There was nothing like getting to school and finding out that you had a substitute teacher. It only meant one thing: a break from regular programming. When you were a kid, sometimes having a sub even meant that you’d get to watch a movie during class instead of actually working. It was less of a hassle for the sub and your regular teacher, not to mention the class. The movies you watched on low-key elementary school days could be a treat, or sometimes they’d be hiding a lesson plan and would be followed up by an essay assignment. Even if that happened, the experience itself still felt like a bit of a freebie, which why these nostalgic films you watched when you had a substitute teacher are definitely worth rewatching.
Maybe the instructions were to show your class something that was secretly educational. Maybe it was something calm and relaxing to ensure that everybody behaved. Or maybe your teacher was seriously cool and just thought you all deserved a day of fun. Whatever the selection, there was nothing like that moment when the lights would go down and you knew that you wouldn’t have to answer any questions or read aloud in front of everybody for the duration of the class period. Give yourself a break today and revisit one of these nostalgic gems.
This movie was a classroom classic. Teachers definitely loved showing Charlotte’s Web, especially if the class already read the book.
Old Yeller was the one movie I vividly remember my substitute, mostly being inconsolable when (spoiler alert) Old Yeller gets bit by a wolf.
A magic carpet ride was always twice as magical on a day when a substitute teacher was there.
This movie made recess time even more imaginative. I mean who wouldn’t love to play in a secret, forbidden garden?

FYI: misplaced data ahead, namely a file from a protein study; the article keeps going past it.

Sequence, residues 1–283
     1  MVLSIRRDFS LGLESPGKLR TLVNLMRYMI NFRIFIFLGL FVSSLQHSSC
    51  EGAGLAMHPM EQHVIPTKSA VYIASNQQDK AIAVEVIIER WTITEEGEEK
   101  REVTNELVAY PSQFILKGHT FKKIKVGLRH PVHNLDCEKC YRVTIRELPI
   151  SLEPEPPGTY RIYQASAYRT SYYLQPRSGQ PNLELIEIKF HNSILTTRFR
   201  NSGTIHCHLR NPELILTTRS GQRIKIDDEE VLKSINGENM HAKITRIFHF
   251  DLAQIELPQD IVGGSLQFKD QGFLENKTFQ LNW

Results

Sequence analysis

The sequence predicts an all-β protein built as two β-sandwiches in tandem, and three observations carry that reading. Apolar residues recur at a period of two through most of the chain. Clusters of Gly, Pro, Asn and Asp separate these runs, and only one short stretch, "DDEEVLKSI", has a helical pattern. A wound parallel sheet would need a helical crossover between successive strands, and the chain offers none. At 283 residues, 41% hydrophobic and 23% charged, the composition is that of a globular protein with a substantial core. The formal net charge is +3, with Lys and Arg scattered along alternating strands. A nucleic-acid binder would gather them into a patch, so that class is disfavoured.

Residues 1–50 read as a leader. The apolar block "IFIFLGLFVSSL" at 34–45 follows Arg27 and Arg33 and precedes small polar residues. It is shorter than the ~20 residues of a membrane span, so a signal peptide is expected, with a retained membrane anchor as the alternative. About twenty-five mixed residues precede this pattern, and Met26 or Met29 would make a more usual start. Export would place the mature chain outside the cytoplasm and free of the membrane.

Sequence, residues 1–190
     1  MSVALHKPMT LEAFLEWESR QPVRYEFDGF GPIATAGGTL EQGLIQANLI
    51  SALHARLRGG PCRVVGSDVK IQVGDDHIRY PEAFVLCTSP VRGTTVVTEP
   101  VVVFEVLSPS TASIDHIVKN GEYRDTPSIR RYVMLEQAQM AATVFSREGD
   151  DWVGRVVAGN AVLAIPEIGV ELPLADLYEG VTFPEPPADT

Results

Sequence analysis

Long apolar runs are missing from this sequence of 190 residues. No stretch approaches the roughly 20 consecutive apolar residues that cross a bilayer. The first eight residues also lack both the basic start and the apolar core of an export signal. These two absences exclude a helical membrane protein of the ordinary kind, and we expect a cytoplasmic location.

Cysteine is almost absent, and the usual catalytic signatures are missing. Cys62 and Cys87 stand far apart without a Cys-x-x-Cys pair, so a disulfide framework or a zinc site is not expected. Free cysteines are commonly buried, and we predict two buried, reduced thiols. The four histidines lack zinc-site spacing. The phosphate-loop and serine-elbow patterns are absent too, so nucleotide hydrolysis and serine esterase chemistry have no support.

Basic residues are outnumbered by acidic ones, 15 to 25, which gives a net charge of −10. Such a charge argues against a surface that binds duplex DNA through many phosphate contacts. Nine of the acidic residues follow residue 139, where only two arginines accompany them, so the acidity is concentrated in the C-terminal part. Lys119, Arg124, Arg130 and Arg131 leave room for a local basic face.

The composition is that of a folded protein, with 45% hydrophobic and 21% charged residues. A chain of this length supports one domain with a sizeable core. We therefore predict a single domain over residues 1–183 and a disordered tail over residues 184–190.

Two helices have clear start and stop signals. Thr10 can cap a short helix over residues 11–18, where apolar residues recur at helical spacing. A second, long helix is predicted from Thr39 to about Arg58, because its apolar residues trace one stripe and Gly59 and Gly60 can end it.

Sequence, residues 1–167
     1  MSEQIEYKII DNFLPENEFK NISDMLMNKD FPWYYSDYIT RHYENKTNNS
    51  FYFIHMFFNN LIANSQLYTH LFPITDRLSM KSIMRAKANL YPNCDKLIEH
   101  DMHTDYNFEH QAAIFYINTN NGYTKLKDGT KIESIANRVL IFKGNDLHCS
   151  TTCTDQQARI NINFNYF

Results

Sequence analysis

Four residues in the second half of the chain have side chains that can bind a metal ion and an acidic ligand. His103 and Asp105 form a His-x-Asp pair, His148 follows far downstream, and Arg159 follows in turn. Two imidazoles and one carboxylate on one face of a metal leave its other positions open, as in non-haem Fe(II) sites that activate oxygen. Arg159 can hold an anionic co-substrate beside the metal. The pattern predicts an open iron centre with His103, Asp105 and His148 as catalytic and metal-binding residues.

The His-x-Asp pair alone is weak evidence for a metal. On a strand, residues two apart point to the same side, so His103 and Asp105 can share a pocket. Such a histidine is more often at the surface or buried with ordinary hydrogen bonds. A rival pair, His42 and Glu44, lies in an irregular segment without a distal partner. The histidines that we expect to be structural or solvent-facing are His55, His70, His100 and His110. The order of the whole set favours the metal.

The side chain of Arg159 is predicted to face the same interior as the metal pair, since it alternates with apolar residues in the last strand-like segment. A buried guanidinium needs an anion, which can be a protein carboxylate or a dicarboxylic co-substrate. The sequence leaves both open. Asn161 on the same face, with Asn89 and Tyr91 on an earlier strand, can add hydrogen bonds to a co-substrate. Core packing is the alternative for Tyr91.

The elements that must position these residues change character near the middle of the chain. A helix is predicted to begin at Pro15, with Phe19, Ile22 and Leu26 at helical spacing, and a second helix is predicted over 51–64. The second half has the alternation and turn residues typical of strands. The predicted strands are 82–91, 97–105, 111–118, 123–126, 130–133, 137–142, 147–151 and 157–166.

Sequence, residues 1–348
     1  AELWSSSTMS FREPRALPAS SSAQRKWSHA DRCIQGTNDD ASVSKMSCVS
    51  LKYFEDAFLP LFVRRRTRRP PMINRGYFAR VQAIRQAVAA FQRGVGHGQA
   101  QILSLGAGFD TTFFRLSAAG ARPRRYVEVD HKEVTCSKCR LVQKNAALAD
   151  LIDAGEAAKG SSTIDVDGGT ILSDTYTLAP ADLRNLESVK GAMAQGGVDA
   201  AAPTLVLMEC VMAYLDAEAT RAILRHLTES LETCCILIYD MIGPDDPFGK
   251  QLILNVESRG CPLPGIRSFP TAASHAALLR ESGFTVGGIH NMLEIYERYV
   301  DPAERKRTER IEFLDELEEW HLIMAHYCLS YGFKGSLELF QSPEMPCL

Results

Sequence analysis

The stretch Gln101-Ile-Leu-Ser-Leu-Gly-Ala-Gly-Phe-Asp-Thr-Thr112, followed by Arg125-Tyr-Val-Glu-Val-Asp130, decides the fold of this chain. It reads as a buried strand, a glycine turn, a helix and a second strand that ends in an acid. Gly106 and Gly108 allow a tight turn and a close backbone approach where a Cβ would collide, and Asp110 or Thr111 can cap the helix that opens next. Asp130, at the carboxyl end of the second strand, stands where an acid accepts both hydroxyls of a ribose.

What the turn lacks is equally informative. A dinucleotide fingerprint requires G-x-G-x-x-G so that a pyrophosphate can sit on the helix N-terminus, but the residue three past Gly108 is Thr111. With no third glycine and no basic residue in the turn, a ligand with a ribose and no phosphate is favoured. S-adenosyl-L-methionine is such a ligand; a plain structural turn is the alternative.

Did anyone else cry when they realized that they couldn’t have a whale as a pet?
I honestly think the musical selections are what made teachers keep this film in rotation. Students couldn’t help but get focused when Simba started singing.
The Secret of Nimh is an animated film that follows a widowed mouse Mrs. Brisby, who must move her children out of their home in a field before the local farmer starts plowing — heavy stuff.
I think I must have watched this film at least six times in elementary school. Julie Andrews, the beautiful countryside, the love story, and an exciting escape made this one a classroom classic.
For all the music teachers out there, this film about star-crossed soulmates always delivers.
Dinosaurs + classroom free time = ultimate substitute teacher movie day.
You read about her in class, so of course this dramatized adaptation of Anne Frank’s story was part of the curriculum.
Getting classroom full of kids quiet was as easy as turning on this movie.
This movie and Ms. Trunchbull really made you appreciate all those nice, wonderful teachers you had.
This one was a Journey, and an emotional one at that — especially for kids with pets.
Shia LaBeouf’s first starring role in a feature film had all us crushing.
The story of the little pig that could was a tearjerker for the kids and the staff.
Never growing up seemed like a pretty good option back then.
Flik is an inventive ant who’s always messing things up for his colony. This one probably made you feel a bit more industrious.
Balto was all about a brave wolf-dog hybrid who risks his life to rescue a community by delivering a medicine that will cure the whole town. What a brave little guy!
Holiday season is also flu season, so if your teacher called out that meant popping in a classic like this one. A man named Kris Kringle fills in for an intoxicated actor in Macy’s annual Thanksgiving Day parade, then insists that he is really is Santa. He’s taken to court to figure out the truth.
It’s the movie that made us all believe that animals could raise a human child and everything would turn out just fine.
It was usually back to work the next day, but these classroom movies were always a welcome surprise. It’s hard work being a kid.